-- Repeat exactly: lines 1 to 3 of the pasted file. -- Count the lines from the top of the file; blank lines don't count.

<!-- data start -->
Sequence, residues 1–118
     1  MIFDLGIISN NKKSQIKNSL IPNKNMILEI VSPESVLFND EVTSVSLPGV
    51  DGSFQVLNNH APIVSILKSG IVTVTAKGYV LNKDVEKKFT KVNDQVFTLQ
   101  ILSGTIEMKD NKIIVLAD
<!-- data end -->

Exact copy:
Sequence, residues 1–118
     1  MIFDLGIISN NKKSQIKNSL IPNKNMILEI VSPESVLFND EVTSVSLPGV
    51  DGSFQVLNNH APIVSILKSG IVTVTAKGYV LNKDVEKKFT KVNDQVFTLQ